Author: Madeline Weber
Self care is not a required practice in many jobs. It is a personal responsibility that can easily be overlooked, yet have a major impact. When we aren’t self-caring, we can experience fatigue, lowered productivity, lowered capacity for empathy, and less presence with clients. This is the beginning of a road to impairment.
Many times, the effects of burnout will compound with the emotions we are likely to feel during times of stress, such as guilt, shame, disappointment, and fear. These will interact and further the weight of burnout.
There are things we can do in our daily professional and personal lives to counteract the slow and invasive symptoms of burnout. While we can’t always rely on self care being incorporated into our daily practice naturally, we can create a self-care plan!
This will involve authentic conversations with yourself and a nonjudgmental attitude toward your current coping strategies.
There are 6 aspects of self care that we can consider:
To start, we will identify the healthy and unhealthy coping mechanisms that we use for each aspect of self care. When burnout begins to occur, it is likely that one of our personal needs is not being met. We create on-the-go coping mechanisms that feel like they are relieving our stress or burnout, but are actually contributing to it. An example of this is week-night drinking. If our idea of relaxing is having one or two drinks at night, we might feel like we are more relaxed in the moment, but drinking is proven to reduce the quality of sleep substantially, leading to further fatigue (Kenny et al., 2013).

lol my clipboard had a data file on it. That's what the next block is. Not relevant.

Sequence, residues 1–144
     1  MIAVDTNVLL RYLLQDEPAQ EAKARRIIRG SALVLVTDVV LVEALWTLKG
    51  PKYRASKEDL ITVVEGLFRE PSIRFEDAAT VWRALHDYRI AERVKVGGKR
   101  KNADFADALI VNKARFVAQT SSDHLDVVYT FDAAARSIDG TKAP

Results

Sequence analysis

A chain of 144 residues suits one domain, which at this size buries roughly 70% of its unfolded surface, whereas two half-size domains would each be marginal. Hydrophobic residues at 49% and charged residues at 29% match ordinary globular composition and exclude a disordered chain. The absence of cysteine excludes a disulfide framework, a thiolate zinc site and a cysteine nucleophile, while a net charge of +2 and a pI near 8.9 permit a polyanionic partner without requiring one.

Once we have created a list of new, healthy coping mechanisms, we will evaluate what current behaviors or obstacles are in our way that might prevent us from being able to proactively self-care. If we discover that some changes are necessary, we can begin to set new boundaries in interpersonal relationships, working hours, or structured times and methods of communication with clients.
The key to self-care is setting yourself up for success through proactive planning and authentic self check-ins. Prioritizing yourself as a clinician, will benefit you professionally and personally, as well as benefiting your clients by making sure you are showing up as your best self.
Kenney, S. R., Lac, A., LaBrie, J. W., Hummer, J. F., & Pham, A. (2013). Mental health, sleep quality, drinking motives, and alcohol-related consequences: a path-analytic model. Journal of Studies on Alcohol and Drugs, 74(6), 841-851.